I seem to be far behind on my book reviews. Okay, not so far behind in terms of books that need reviewing so much as far behind in the chronology of my reviews. I have lots of books I read many moons ago that are getting neglected in favor of books I read only a few moons ago. In the interests of not letting those poor books slip into the abyss of the unreviewed, I think it's time to take a stab at some reviewlettes and get the juices flowing.
It's probably safe to give Princess Academy by Shannon Hale a reviewlette, because I've already talked about it so much. Really, I read this book for last year's fall Readathon, and it was the perfect book. It's all about Miri who lives on Mount Eskel where all the villagers have to work quarrying valuable linder from the mountain to survive. Her father won't let her work in the quarry, so Miri always struggles with feeling somehow less than the rest of her townspeople, despite being clever and brave. When royals arrive from the lowlands with news that the next princess of Danland will hail from Mount Eskel, the girls of the village are taken away to be schooled, polished, and made fit for a prince. At the academy, Miri struggles at first but then finds her chance to shine.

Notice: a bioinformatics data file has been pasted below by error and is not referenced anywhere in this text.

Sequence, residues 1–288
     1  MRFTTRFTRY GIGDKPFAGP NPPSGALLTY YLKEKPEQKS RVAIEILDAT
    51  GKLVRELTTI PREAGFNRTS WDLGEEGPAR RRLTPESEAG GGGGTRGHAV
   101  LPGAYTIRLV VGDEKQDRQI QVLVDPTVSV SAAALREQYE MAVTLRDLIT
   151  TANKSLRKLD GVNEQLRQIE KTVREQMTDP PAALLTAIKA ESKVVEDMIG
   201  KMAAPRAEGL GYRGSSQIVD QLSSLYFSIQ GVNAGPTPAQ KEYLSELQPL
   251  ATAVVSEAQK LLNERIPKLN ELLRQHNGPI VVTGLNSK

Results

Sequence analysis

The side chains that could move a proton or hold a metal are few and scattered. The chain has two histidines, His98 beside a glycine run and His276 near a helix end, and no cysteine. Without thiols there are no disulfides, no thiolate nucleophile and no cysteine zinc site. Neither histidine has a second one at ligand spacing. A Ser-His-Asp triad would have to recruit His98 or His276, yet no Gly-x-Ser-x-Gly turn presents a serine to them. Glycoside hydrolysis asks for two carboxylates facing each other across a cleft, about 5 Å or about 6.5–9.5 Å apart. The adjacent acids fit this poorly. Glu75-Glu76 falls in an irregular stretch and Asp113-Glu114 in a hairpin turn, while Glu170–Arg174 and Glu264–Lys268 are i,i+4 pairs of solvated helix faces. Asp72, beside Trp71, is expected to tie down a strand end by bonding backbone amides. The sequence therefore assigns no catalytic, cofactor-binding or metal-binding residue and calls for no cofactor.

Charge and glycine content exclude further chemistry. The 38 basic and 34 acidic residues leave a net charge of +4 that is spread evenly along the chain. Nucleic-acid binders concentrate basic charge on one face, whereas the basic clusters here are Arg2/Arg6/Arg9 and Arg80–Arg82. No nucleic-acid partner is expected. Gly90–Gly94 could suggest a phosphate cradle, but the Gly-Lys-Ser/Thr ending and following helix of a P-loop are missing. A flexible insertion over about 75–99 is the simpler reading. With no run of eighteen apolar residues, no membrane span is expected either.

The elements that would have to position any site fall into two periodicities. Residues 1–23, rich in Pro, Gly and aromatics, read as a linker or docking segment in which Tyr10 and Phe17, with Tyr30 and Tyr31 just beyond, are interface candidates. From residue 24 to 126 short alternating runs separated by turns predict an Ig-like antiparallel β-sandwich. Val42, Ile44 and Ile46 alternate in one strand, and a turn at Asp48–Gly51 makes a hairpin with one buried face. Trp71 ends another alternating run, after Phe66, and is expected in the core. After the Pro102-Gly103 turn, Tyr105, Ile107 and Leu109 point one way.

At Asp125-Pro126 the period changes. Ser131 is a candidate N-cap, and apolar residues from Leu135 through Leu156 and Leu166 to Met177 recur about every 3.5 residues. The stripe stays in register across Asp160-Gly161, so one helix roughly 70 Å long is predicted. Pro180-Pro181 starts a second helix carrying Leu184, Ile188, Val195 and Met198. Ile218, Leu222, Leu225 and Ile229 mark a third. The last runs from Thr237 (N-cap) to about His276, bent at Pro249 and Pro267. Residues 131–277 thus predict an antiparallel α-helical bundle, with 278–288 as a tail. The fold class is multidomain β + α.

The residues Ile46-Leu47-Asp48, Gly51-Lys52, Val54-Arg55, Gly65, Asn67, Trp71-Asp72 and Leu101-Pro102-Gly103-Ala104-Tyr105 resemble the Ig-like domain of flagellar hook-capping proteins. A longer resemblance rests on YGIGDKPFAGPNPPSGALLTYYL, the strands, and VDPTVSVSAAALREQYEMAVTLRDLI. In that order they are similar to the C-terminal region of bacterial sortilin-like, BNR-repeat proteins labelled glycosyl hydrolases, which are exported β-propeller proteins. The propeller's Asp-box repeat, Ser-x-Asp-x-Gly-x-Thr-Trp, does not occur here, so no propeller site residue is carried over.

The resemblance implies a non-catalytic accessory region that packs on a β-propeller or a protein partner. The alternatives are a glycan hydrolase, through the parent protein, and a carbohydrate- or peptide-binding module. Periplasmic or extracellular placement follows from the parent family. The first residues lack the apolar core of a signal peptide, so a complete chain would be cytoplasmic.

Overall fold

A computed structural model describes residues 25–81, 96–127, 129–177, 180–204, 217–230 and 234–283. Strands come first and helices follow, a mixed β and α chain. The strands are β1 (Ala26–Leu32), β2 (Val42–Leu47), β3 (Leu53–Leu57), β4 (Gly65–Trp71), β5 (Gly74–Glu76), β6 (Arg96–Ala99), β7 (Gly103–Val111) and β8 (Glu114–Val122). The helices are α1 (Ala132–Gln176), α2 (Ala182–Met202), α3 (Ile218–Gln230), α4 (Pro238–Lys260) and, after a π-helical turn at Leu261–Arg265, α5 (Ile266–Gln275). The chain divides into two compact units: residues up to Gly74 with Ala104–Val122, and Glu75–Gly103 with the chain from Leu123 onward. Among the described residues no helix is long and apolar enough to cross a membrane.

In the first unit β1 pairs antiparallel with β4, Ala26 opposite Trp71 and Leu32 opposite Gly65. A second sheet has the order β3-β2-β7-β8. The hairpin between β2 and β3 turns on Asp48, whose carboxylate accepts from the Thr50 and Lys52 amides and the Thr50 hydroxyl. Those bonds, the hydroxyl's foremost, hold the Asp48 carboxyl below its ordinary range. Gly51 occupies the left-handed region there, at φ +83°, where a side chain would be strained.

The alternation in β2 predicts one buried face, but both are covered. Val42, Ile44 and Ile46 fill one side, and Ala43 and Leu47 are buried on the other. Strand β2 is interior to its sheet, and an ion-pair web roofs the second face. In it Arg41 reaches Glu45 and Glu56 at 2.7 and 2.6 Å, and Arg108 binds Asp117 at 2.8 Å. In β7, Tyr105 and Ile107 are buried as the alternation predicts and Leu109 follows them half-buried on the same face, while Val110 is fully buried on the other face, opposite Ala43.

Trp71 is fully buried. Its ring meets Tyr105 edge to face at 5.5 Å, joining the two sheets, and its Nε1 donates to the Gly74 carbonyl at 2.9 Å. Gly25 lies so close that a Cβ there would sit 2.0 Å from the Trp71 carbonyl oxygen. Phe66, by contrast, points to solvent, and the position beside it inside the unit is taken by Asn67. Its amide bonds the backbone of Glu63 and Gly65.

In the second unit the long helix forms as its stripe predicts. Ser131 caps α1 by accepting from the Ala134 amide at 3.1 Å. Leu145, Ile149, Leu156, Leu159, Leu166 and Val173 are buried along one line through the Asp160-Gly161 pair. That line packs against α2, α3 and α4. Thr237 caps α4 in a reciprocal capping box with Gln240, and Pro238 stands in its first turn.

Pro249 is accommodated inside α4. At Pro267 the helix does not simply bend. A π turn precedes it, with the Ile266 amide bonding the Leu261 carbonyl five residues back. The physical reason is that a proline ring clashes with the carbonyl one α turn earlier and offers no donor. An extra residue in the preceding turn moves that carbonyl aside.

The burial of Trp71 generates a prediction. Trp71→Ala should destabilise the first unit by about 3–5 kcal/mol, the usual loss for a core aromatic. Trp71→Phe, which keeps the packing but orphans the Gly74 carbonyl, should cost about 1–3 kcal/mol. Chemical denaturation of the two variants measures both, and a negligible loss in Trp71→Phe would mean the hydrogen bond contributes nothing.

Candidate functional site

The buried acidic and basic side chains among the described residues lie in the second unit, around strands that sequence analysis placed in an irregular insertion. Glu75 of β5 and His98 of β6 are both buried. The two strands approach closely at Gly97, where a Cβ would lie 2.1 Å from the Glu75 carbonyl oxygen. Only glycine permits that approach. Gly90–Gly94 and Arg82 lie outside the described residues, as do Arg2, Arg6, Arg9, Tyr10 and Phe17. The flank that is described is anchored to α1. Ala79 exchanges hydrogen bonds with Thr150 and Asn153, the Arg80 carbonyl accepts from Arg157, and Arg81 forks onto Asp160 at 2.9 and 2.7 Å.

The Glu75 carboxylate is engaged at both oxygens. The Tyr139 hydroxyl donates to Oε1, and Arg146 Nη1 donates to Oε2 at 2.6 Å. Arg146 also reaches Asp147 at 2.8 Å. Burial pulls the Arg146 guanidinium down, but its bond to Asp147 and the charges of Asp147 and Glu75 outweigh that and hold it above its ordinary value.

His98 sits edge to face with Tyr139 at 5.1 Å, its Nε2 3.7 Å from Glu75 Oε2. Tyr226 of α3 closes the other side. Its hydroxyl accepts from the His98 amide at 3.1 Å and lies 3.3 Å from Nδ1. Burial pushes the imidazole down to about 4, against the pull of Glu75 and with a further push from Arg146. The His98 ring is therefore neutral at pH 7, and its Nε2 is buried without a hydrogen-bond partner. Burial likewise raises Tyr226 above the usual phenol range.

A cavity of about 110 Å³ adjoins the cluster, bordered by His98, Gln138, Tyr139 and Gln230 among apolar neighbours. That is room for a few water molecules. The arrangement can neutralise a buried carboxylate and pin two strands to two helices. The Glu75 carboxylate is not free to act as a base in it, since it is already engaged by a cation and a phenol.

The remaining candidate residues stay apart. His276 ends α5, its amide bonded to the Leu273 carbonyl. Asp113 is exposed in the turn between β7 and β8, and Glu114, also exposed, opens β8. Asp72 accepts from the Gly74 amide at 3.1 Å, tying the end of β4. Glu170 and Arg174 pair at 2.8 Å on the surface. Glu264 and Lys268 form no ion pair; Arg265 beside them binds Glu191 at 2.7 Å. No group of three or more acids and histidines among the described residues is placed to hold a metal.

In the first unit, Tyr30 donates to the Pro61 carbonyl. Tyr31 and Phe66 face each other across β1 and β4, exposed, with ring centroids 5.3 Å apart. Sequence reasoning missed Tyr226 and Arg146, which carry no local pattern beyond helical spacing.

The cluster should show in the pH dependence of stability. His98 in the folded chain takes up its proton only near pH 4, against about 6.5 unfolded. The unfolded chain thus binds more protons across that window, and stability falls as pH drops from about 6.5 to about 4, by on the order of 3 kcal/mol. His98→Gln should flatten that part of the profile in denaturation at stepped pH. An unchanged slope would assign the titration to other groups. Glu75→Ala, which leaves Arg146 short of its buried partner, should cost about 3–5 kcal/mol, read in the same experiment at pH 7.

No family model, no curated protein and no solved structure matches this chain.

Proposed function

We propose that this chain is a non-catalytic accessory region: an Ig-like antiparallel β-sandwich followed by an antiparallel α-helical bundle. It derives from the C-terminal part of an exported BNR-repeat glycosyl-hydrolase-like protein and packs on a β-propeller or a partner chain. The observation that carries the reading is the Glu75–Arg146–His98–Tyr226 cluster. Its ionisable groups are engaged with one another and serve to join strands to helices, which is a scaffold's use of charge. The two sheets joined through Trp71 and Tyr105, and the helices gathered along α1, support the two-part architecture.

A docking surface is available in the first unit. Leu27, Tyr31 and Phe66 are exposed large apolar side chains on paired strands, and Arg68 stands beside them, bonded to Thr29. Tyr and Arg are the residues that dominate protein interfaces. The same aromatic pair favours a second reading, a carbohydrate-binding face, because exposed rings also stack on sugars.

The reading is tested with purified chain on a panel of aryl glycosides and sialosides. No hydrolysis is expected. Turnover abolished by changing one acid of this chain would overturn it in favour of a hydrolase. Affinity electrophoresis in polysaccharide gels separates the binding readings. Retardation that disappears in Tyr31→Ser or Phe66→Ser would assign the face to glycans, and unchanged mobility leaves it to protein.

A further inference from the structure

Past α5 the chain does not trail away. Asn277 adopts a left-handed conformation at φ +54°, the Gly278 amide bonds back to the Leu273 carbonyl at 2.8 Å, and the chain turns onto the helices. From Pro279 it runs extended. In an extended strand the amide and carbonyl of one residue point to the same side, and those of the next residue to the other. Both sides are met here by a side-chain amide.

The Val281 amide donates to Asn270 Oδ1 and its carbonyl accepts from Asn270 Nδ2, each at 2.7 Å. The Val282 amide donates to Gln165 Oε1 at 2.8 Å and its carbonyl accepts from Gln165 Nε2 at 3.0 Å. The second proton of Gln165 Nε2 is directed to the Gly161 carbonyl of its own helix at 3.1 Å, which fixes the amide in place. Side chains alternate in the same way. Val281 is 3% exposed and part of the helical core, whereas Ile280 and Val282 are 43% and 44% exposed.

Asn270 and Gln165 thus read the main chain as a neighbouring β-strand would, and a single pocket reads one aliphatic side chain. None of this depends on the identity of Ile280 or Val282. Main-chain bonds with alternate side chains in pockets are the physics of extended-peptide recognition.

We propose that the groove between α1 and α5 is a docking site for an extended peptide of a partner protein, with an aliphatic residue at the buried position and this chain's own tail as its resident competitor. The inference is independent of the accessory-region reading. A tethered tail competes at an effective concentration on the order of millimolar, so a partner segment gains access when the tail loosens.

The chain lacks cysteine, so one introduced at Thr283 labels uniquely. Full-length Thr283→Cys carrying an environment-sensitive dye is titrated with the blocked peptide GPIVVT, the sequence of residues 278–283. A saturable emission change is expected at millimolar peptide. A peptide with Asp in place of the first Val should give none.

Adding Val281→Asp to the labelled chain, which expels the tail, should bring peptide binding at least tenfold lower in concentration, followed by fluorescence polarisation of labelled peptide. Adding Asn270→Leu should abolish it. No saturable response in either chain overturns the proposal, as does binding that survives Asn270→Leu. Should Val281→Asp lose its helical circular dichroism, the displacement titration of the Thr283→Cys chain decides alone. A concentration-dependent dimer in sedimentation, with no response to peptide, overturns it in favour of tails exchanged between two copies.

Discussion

I'd heard plenty of great things about Shannon Hale's books, and if Princess Academy is any indication, they're all true. Princess Academy is tightly plotted, filled with brave, strong-willed girls for characters (most of all Miri!) who make the best of a complicated situation, and has an absolutely fantastic "knowledge is power" message that is never too heavy-handed. If you're anything like me, you might find yourself initially put off by the notion of a book about princesses in training. Don't be. This book and these would-be princesses defy expectations and stereotypes alike!
first volume (Thanks, Harper It!). I'll admit, I didn't like this one quite as much as the first one, but it's still got plenty to recommend it. The stories are, at most, a sentence long but can make you contemplate for much longer. Some I related to, some I laughed at, others just confused me. The illustrations that accompany each story are whimsical, bizarre, clever, most well-suited to the story they represent. It's a book that can easily be read in a sitting, but one that you might find yourself wanting to spend more time on. I think, perhaps, that I didn't love this one quite as much as the first because I didn't find so many stories that I felt spoke directly to me, but I'd still recommend grabbing both volumes. Chances are you'll find at least a little of yourself in each. (Thanks to the publisher for sending me a copy in exchange for my honest review.)